Baby Daze Again by Jennifer Watts

I’m 49 years old and I’m having a baby.

It’s been 25 years since I’ve done this.

I’m confident I remember the what’s and how’s.

It’s unexpected, this little one. I thought I was done with the heavy load of parenting. Apparently not. Hear this: You never stop being a mother.

Here’s how I’ve felt. First, surprised. Second, a mix of excitement and nerves. Then, doubt. Finally, over whelmed with joy.

During a recent sleepless night, I spent time asking myself some curly questions. Can I do this? Am I ready?

My husband remains calm. He’s the rock he was the first two times round. Baby girls, little gems, came into our lives, little more than a year apart in the mid 1990s. Before the internet. So long ago!

There’s a sense of panic if I dwell on those early years. I don’t want a repeat of that experience. Colic and reflux, unsettled babes and an anxious me who got through by remembering that tomorrow is another day, and better ones are likely down the road.

Hold tight.

Of course, there are other things I want to forget. Let’s talk about the L-word. Is the pain of labour going to be as bad? Maybe there are better drugs. I will certainly be better at demanding them. Is the care more flexible, the nurses kinder, are pregnant women empowered in a way the system once didn’t encourage?

If not, I’ll be more feisty. This time, I won’t hesitate to be one of those mothers.

I’ll be more prepared. I know now that it’s pain with a purpose. Nothing we can’t handle together.

I picture the pain as a rolling ocean wave.

Here it comes, sweeping me off my feet, carrying me up to the dizzying heights of an impossible peak. Just when I think, “I can’t do this anymore!” the crest falls away. I’m riding the wave down the other side, coming to rest in the shallows by the shore, breathing deep before the next wave draws and curls. It’s doable.

I’ll spend the next few months reading updated how-to books. And follow long trails online, something that wasn’t available half a century ago. Some will help. Much may not.

I’ll plan a baby shower and pick up knitting. I’ll choose names, and have my favourites, although I’ll keep those close.

My own name, I have less trouble with. It’s an ageless one, traditional in the best way.

Grandma.

Do you like it?

I’m tempted to go with something young, G-ma Jen maybe. However, I’m happily ensconced in middle-age, youth lost to the privilege of growing older, something I recognise as a pleasure denied to some.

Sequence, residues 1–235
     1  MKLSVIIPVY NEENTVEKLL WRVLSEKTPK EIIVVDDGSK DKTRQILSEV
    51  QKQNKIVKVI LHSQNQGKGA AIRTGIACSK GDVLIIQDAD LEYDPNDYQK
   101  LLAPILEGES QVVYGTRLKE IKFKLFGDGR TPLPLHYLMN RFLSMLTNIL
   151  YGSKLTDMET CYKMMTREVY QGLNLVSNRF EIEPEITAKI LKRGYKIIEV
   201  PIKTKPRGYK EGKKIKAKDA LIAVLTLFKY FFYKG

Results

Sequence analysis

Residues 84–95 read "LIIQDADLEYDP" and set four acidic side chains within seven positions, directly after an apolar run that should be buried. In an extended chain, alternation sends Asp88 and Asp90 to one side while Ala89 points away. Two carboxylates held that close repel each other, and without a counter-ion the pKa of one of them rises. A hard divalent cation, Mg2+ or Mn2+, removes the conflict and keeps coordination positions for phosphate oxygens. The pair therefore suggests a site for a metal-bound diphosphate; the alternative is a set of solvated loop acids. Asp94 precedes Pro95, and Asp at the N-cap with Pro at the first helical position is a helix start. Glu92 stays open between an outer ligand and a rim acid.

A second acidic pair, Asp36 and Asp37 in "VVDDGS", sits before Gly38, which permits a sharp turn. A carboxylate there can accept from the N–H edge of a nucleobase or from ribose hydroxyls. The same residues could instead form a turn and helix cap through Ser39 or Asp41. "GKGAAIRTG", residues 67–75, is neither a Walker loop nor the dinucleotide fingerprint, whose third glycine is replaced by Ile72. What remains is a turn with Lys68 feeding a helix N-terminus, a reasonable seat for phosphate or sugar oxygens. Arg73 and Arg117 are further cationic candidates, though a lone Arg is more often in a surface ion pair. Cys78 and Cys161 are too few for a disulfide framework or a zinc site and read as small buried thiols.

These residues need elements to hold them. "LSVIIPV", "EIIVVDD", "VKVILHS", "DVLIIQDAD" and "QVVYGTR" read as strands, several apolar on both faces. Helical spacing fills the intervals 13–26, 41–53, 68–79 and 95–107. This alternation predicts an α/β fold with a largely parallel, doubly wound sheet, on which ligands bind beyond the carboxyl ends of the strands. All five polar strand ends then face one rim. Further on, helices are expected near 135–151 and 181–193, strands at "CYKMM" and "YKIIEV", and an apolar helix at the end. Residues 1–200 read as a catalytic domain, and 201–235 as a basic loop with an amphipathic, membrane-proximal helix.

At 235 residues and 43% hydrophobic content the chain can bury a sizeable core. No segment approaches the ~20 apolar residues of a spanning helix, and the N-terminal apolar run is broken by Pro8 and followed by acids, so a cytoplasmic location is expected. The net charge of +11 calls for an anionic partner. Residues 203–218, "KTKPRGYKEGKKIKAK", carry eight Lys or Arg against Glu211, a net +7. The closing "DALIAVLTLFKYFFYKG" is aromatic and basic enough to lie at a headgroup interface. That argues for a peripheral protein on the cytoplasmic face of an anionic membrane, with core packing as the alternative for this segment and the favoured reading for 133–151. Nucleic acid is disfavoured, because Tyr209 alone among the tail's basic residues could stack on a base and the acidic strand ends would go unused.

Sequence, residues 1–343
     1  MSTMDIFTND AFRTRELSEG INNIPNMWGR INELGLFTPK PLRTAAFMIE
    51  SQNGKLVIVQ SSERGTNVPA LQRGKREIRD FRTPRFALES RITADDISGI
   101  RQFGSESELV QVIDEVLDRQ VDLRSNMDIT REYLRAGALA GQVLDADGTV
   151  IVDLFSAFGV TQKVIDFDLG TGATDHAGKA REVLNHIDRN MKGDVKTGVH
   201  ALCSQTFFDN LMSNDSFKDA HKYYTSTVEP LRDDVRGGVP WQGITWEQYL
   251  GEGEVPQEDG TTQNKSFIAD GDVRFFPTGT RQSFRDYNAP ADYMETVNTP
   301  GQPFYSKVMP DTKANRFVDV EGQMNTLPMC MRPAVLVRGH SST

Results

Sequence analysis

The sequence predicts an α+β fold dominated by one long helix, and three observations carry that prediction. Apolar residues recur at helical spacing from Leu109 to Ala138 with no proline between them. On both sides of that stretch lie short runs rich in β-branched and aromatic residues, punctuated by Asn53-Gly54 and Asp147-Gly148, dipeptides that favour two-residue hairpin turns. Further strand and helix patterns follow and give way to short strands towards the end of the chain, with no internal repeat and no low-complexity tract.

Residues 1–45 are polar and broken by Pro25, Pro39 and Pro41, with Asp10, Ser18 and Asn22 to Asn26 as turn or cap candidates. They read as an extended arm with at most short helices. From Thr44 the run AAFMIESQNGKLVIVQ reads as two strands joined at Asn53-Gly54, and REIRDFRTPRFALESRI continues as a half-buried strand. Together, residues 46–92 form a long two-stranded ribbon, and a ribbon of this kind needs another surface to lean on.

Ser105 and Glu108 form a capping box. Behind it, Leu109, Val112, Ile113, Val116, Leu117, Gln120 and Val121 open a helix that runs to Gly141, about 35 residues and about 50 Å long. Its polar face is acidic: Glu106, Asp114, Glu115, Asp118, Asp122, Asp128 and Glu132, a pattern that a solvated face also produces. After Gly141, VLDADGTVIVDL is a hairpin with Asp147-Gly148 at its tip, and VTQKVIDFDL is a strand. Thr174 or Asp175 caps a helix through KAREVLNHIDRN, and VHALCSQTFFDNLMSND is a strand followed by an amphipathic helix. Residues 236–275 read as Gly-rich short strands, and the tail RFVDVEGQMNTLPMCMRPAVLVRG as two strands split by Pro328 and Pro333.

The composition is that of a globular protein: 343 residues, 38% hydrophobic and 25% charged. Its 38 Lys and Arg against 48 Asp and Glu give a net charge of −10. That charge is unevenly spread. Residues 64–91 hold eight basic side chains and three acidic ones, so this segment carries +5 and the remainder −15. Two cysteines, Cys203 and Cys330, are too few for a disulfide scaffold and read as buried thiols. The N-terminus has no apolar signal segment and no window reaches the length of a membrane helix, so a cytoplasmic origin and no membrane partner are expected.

Besides, I have a new chapter about to start.

Did I tell you? I’m having a baby! Grand-parenting is on my doorstep thanks to both daughters, their husbands and some serendipitous timing, gifting me the very best present in my 50th year.

About the contributor

Jennifer Watts is a writer and former journalist who has lived in several countries. She has freelanced for a range of newspapers and is a contributor for Chicken Soup For The Soul and The Blue Nib. She lives in New Zealand with her husband and two children.

Related Articles

Dancing With Carol by Brendan Landers

Brendan Landers on the trial and tribulations of your love at the Baldoyle Village Hall

City Chronicling

City memories I live in Sydney Australia, but my memories roam the world; memories of places visited, memories of reading about places I want to...

Becoming a wing-thru: Part 6 – Finding Self and Avoiding Wastage

The penultimate part of Sarah Leavesley's 7 part essay, Becoming a wing-thru.

More Like This

Anne Tannam talks about performance poetry and poetry for the page

Blurring the Lines to have the Best of Both Worlds Eleven years ago I read my own work for the first time in public. I’d...

Of Parking Perils and the Pursuit of Poetry by Clare Morris

In this essay, Clare Morris considers the duality of poetry and parking.

Rich In Shit

New writer, Delia Pring describes the fresh and precious perspectives animals can offer.

I Write for the Girl

I write for the girl with stick-straight brown hair that refuses to hold a curl, who despises being short and grinds her teeth...

Notes from the allotment

Planting potatoes with William Carlos Williams No sooner had I put the wheelbarrow down than I heard a rattling at the gate some way...